The current frequency of visits is about once every few weeks, for the whole weekend. Should I just limit my visits and continue to bring my own food? It is SO AWKWARD. I shrink from her disapproval (and my bowels already refuse to move whenever I stay there).

Ach, the relationship between food and families is such a tricky one. It’s almost like food is a third child/third parent. Or, food can be the language family members use to speak to one another. Did you not finish my ___ because don’t you respect my ___? Oh, you’re leaving? But I made ___; does that mean you’re ___? Why’d you give ___ a ___er helping than ___? (Least interesting mad libs ever?)

Next time you visit, maybe bring a couple batches of tasty, naturally gluten-free things (as opposed to gluten-free substitutes) for sharing (and alert your MIL ahead of time that you’re doing so!), and address it firmly but with a sense of humor: “MIL, I know it might seem ridiculous and fussy, but I’m avoiding gluten on my doctor’s advice. Without getting into the less glamorous … internal details, it’s been pretty helpful for me, so I’m sticking with it. Please don’t make too much fun of me!” And then make sure whatever you bring is just a little less-tasty than her food. Heh. But seriously.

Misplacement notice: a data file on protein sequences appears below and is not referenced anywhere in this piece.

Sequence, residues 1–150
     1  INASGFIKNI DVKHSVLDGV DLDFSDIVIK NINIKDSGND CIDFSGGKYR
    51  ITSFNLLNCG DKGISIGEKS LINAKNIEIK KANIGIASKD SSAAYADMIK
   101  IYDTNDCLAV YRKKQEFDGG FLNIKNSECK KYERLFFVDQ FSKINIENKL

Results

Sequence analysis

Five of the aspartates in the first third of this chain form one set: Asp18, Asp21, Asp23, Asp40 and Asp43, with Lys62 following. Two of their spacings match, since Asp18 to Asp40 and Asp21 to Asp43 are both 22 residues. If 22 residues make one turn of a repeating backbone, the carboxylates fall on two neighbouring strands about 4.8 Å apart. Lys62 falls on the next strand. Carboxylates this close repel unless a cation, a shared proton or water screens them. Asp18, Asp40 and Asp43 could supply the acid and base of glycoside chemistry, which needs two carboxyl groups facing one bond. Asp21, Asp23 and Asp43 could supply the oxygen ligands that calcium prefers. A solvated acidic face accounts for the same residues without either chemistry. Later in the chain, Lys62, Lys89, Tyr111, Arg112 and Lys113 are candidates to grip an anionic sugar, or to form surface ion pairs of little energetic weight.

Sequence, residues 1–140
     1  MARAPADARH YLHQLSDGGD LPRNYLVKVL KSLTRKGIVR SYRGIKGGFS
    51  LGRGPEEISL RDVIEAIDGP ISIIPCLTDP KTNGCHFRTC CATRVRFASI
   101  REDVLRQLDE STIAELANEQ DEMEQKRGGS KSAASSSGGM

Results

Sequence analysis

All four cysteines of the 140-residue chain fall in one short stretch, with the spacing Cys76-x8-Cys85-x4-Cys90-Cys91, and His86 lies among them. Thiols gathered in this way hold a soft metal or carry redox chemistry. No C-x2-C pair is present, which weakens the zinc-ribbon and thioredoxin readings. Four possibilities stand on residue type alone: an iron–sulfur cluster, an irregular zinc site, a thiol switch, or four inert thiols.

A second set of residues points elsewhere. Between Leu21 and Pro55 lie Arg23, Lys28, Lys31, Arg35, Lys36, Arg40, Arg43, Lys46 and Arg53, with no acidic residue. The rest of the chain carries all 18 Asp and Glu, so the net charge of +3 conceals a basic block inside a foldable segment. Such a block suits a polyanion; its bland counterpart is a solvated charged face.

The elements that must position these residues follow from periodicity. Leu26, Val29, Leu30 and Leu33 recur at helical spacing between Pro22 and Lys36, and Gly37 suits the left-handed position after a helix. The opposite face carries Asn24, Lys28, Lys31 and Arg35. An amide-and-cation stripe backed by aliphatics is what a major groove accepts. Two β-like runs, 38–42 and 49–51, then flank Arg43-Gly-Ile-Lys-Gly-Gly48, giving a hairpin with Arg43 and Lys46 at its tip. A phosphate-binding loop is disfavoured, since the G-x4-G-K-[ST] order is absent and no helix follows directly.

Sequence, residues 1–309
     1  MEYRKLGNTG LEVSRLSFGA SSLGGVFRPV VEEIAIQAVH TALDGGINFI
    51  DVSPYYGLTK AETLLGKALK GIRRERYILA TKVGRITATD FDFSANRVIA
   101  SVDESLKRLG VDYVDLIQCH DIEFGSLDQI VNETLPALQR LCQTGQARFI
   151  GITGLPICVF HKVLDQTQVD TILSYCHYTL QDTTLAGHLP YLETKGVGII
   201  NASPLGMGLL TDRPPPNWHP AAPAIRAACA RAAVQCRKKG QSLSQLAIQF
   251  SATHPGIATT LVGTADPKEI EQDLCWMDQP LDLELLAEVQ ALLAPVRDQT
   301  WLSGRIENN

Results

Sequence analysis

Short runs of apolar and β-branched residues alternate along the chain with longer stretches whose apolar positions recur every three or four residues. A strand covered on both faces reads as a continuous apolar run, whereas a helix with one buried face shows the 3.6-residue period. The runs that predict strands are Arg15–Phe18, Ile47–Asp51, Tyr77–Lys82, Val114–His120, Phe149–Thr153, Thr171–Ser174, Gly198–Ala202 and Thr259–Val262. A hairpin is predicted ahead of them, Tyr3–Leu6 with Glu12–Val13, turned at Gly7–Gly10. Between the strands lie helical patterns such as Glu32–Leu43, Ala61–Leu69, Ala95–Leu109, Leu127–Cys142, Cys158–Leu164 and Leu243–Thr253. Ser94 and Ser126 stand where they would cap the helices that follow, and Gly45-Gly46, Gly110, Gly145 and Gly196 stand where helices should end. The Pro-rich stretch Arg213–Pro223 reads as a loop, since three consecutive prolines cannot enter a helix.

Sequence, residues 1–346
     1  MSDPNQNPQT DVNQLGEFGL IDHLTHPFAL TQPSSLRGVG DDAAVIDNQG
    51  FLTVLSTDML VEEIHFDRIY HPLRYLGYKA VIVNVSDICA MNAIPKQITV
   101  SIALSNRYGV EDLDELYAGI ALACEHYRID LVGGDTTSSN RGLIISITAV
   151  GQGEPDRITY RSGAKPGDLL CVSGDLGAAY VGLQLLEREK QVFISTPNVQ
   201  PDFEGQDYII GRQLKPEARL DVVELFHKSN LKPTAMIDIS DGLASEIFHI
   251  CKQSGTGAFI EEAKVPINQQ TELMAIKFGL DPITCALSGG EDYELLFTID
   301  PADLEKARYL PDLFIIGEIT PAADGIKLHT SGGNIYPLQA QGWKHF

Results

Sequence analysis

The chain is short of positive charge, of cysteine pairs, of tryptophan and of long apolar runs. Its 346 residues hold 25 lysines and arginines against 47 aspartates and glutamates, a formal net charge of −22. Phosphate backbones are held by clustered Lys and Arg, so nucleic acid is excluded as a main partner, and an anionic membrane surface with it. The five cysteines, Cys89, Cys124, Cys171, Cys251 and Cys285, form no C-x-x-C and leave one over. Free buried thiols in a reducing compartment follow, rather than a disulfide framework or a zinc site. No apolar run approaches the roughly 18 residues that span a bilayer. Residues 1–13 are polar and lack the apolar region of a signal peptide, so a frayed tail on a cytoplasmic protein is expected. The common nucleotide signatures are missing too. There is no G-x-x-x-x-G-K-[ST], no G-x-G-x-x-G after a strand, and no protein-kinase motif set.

The offer to cook is a great one — is the protocol really so stringent that you can’t prepare anything at all? Meat? Fish? Salad? Or pre-prepared things that you half-make at home and then heat up there? Or would they enjoy being taken out to dinner?

In six months, I am moving to be near a man I have been in a long distance relationship with. He needs to stay near his kids — and of course, I want him to — so I am relocating. He is wonderful, and we’re so excited! In the meantime, I will clean up my resume, save some money, spend time with family, etc. This decision was recently made FOR SURE, we’re informing friends and family that it will be the next step in our relationship, and I’m kind of bursting at the seams for it to happen.